I went back and forth about when to publicly share the news of my pregnancy. Right away? After the first trimester? Omar and I were well aware that not every pregnancy results in a baby, so how would we feel about sharing the news of a miscarriage, should one happen? (They’re incredibly common, after all.) Would we want the support of our entire online community, or want to grieve in private? How were we supposed to know what we’d want if we had never been through that before, anyway?
Omar left the decision up to me. I decided to wait until the “highest risk” period was over at 10 weeks, but I’m still not even sure it was the “right” choice. I can’t know what it would have felt like to share earlier and then go through announcing the loss of the pregnancy. My heart goes out to anyone who has had to make that announcement or go through that loss.
What happened is that we told both of our parents right when we found out at four weeks, as well as a few of our closest friends. Over the next six weeks until we announced to the rest of the world, a curious process unfolded within me.
I found myself only wanting to talk to the people in my life who knew I was pregnant - not even only about pregnancy stuff, about anything really, but just because I felt like I could be my whole self with them. I started spending more time on online pregnancy chat boards with women I didn’t know at all than any of the social media sites with people I know and love in real life.
I cut back from four blogs per month to two. My blog has always been a place for me to process what’s happening in my life and what I’m learning from it, so how could I honestly write about anything other than this, the biggest and most exciting thing that’s ever happened to me??
I even felt myself starting to pull back from work in general. Part of it was the exhaustion, emotions, and nausea of the first trimester that made working difficult, of course, but most of it was that I felt like I couldn’t be my full self there, for the first time ever.
So when we finally, finally announced on all platforms, I felt like I could take a deep breath for the first time in two months. It was a HUGE relief. This might seem silly to others, especially since we had already told several people. But I have a pretty big online presence and community compared to many, and it’s been built on my own transparency, authenticity, and vulnerability. To keep my mouth shut about something so huge was just painful.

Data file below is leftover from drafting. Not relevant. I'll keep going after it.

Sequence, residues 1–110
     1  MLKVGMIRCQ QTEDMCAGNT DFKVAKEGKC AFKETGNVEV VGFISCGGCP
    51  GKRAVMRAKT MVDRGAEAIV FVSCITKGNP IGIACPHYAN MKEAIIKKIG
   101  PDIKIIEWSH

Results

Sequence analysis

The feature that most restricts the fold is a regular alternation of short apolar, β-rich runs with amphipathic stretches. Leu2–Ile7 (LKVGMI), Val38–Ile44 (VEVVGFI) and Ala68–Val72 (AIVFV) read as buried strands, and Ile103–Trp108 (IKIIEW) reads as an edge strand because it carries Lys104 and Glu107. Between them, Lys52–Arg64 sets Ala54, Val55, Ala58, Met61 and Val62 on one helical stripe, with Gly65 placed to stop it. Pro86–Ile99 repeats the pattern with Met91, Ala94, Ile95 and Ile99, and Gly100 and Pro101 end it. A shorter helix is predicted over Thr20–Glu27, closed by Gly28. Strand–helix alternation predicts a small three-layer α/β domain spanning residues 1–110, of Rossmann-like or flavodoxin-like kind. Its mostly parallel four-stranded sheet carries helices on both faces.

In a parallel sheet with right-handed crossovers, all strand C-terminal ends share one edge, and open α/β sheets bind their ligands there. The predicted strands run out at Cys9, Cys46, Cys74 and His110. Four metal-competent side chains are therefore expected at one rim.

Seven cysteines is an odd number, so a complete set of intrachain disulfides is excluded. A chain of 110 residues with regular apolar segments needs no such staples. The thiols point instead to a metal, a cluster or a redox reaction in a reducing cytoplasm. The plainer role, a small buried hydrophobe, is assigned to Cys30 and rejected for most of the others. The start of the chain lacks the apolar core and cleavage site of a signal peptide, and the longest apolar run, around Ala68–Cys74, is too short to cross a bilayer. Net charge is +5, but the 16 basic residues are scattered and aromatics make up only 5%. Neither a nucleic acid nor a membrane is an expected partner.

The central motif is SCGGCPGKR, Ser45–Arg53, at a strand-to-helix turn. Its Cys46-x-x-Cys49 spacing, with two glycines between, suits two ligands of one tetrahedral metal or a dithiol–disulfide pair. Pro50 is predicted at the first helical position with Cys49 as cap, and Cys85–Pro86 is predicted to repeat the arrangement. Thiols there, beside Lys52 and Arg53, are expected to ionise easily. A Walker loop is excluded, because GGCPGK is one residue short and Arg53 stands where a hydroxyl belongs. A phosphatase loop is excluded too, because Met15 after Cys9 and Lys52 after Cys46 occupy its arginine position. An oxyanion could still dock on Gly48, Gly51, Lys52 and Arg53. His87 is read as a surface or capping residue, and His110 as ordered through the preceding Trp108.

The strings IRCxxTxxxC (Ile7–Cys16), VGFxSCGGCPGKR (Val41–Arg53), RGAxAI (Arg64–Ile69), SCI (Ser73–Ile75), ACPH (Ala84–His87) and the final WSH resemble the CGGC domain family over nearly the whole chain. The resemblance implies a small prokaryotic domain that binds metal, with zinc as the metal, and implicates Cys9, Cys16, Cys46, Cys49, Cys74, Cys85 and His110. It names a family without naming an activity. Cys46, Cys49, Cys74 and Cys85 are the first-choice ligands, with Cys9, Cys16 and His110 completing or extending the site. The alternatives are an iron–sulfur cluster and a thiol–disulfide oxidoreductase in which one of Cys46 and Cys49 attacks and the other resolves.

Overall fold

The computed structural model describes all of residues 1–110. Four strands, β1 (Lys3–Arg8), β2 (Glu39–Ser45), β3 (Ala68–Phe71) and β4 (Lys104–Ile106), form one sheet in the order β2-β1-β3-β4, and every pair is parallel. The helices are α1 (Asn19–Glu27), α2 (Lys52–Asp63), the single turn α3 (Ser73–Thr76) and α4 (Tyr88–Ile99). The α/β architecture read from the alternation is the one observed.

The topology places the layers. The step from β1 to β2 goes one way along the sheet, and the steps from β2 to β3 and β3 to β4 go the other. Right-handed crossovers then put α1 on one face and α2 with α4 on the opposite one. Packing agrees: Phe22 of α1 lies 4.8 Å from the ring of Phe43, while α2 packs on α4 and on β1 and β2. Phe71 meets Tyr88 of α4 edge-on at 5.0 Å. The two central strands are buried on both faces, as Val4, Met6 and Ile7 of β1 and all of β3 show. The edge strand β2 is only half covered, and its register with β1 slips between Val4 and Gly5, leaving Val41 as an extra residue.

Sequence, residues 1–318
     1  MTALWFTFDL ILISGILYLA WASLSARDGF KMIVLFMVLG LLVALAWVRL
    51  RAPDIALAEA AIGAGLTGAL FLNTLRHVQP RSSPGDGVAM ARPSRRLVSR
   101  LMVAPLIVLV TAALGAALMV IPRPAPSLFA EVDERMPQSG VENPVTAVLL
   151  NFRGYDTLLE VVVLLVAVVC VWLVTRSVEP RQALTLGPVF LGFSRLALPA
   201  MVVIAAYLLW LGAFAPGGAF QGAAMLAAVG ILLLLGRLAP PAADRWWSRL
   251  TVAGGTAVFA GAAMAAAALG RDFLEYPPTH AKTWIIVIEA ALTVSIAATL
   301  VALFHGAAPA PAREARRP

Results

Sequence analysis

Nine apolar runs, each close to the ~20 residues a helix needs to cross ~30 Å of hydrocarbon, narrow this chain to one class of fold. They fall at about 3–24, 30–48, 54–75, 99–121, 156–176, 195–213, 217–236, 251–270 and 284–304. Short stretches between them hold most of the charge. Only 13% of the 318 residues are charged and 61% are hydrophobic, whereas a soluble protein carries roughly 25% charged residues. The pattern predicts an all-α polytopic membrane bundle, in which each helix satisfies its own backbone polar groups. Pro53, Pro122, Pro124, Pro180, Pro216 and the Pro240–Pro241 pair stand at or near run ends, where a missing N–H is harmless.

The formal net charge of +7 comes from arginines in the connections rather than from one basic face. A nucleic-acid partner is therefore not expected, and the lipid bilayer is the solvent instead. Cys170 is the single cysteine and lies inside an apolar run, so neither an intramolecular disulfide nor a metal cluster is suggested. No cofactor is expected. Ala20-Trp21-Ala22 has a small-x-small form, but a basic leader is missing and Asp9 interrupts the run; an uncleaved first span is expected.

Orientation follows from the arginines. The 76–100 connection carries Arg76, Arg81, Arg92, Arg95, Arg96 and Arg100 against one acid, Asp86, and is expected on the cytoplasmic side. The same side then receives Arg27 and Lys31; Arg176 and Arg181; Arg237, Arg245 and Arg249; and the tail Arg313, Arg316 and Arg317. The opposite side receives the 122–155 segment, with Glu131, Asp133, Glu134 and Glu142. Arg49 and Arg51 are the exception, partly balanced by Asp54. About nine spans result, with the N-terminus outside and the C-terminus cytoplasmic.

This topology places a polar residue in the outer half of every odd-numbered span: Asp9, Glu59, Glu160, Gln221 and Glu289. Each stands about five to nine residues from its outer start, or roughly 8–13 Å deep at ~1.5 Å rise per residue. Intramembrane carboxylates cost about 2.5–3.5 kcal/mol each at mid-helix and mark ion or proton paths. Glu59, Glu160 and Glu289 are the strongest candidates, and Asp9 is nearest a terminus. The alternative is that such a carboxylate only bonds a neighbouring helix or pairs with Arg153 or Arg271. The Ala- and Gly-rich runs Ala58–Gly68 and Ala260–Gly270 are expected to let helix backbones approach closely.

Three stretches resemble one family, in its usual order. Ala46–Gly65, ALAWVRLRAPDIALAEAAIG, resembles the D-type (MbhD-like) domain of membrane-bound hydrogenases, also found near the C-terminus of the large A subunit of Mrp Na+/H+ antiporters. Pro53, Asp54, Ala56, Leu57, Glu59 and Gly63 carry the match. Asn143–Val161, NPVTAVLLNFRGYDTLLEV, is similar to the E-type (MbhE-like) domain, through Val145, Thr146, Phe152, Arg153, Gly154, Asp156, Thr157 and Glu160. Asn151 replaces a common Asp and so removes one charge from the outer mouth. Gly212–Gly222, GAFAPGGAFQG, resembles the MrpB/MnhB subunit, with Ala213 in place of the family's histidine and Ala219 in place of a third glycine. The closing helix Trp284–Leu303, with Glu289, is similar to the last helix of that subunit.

And I realized that I’ve actually felt this pain before. This is the pain of not being fully myself in all areas of my life. This is what it once felt like to put big, important parts of myself on the shelf so I could “function” in a job and marriage that were both wrong for me. This is the pain I’ve watched my clients go through in similar life tug-of-wars. It is, in fact, the pain that drove me to start this Professional Wild Woman movement, helping women wake up to their true nature and access their full power and potential.
I’m not saying I was wrong for keeping my pregnancy to myself for the first ten weeks, only making an observation of what unfolded as a result. And I wonder if any of you feel this way in life right now - that there are big, important parts of yourself that you’re checking at the door as you walk into work, or church, or even home. Perhaps this is a good time to ask yourself why, and if it still serves to do so.
What type of wild woman are you?
Hello! I'm Melanie Munir, founder of Professional Wild Woman - a women's empowerment business dedicated to helping women who are tired of feeling either "too much" or "not enough" to connect to their inner wildness so they can create work that allows them the fullest expression of their unique voice. Welcome!